Readers Digest
Magazine subscription Podcast
HomeLifestyleHome & Garden

Here's how often you should clean every part of your home


28th Jan 2022 Home & Garden

Here's how often you should clean every part of your home

By Joyce French, Cleaning expert from HomeHow

Although it might seem like a long way off, Spring is on its way and with this comes the Spring clean.

Below, cleaning expert Joyce French from HomeHow discusses how often you should clean every part of your home, from the sofa to the bathroom doorknobs.

Room by Room

Living room

Sofa and chairs – vacuumed every fortnight, deep cleaned every twelve months

As a lot of time is spent sitting on the sofa or in our armchairs, they can quickly become a breeding ground for bacteria and debris. Crumbs, dirt and dust can build up in between seat cushions of the chairs and cause bacteria to grow. “Vacuuming up the debris, which tends to accumulate under seat cushions, is a simple way to get rid of the dirt and reduces the chance of allergic reactions.” French explains.


Fridge – every three months, unless there’s a spillage, which should be cleaned immediately

Keeping your fridge clean and bacteria-free is the easiest way to reduce the chance of food poisoning and bacteria build-up, which can lead to mould growing in the fridge. “Simply using a warm water and washing up liquid solution for the shelves and drawers helps reduce bacteria build-up and keeps the fridge working efficiently,” French advises.

Oven – once a month

Cleaning the oven is often seen as a labour-intensive task that requires hours of work, however, cleaning can be done relatively quickly and easily. “The best way to avoid a big clean of your oven is to do regular maintenance, to avoid a dreaded grease build-up,” French advises. “Cleaning your oven should be done at least once a month, as the more grease there is, the less efficient your oven becomes.

If you haven’t cleaned your oven in a while and are put off by the amount of effort required, there are ways to help make the process easier. “Put a bowl of water in the oven and turn it up high for approximately 20 minutes, as the steam will help loosen the dried grease, making it easier to wipe clean.”

Washing machine – wipe down and vacuum every week. Vacuum behind and under every two months

Dust and dirt can accumulate both in, on and under the machine which can cause the machine to break down sooner, make the machine become less efficient and, in extreme cases, cause an electrical fire. To prevent this, vacuum around the machine every day and ideally behind and under at least every two months. Wipe down the front, sides, and top of the machine every week to avoid dust entering the system.

Bins – every fortnight, unless there’s a spill, which should be cleaned immediately

Even the tidiest of households can spill a bit of food or rubbish outside of the bin bag and onto the actual bin, and this can build up over time. Food left to become mouldy can be smelly, unhygienic and cause a health risk due to the bacteria which is produced. “If you spill any rubbish onto the actual bin then you should rinse it immediately with warm water and soap,” French advises. “Otherwise, a wipe down with disinfectant every fortnight should be enough to avoid a build-up of bacteria.”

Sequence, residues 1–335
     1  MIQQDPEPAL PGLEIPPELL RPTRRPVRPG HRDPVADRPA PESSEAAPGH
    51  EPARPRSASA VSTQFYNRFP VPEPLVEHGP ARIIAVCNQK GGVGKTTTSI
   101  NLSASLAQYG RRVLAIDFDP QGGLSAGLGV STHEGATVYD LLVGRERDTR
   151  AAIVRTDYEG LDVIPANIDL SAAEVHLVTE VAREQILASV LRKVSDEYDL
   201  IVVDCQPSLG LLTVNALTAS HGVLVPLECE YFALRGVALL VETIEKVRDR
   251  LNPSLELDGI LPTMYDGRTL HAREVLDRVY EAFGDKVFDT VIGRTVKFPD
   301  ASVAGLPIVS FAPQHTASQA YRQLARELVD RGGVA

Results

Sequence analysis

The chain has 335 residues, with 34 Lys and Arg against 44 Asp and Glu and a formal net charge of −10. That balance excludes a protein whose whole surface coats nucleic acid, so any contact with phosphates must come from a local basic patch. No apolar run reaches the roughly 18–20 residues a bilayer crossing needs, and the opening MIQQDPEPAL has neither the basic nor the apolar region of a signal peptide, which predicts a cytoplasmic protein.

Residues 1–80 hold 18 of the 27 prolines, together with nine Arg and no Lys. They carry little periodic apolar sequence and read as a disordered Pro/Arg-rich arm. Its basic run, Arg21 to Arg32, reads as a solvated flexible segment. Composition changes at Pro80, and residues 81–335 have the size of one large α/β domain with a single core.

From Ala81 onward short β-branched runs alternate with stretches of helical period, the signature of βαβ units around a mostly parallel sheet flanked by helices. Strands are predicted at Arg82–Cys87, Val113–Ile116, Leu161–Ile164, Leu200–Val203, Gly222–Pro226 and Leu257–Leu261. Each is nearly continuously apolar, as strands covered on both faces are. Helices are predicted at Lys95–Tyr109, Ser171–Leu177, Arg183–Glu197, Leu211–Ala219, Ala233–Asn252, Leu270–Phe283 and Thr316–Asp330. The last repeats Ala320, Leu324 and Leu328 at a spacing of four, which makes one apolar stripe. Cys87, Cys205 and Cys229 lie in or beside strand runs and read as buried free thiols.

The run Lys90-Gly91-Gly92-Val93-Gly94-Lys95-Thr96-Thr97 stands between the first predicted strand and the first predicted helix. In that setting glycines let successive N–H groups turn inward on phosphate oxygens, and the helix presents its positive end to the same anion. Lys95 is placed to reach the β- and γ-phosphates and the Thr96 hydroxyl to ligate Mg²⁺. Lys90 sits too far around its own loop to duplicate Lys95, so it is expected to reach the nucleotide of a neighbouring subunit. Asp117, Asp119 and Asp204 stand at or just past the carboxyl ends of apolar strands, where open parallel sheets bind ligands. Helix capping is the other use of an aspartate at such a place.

Sponges – every few days

Although this might not seem eco-friendly, as many normal sponges aren’t biodegradable, it is recommended to replace sponges every few days. “Kitchen sponges can house germs and bacteria, which is unsurprising due to the nature of the product,” French explains. “If you are eco-conscious, then swap reusable sponges, which work just as good but don’t need to be thrown away after just a few days. Just make sure you clean the sponges in hot water to ensure all bacteria is removed.”


Bath mats – once a week

If bath mats are left damp, then they can develop mildew which can be incredibly dangerous to your health. “Although you may only step on bath mats when you are fresh out of the bath or shower, bath mats are a breeding ground for bacteria and germs,” French warns. “As they retain water, which is normally warm, bath mats can develop mildew and, in some circumstances, can cause bacterial and fungal growth.” Washing them once a week will help keep them clean and hygienic.

Toilet – wipe around every day, deep clean once a week

A deep clean once a week is sufficient in keeping bacteria and germs at bay, although if you live with lots of people then you may consider increasing this. “To deep clean your toilet, pour toilet cleaner or bleach under the rim of the seat and around the entire bowl and leave to sit for 15 minutes. Then, use a toilet brush and scrub away any stains and flush away.”

French continues “to make the weekly deep clean easier, and keep the toilet hygiene, use antibacterial wipes or disinfectant spray around the seat and flush handle or button every day to prevent a build-up of bacteria. Remember each time you flush the toilet the water from inside sprays into the air and spreads around the room, so take care to wipe any surrounding surfaces too.”

Shower curtain – once a week. Replace twice a year

French explains regular cleaning and maintenance of shower curtains may be an overlooked chore but is incredibly important in keeping your bathroom clean. “Mould is likely to build up after showers and baths, even if the bath or shower is clean, as it is caused by the humidity from the water,” French explains. “Regular cleaning prevents bacteria and avoids allergens.”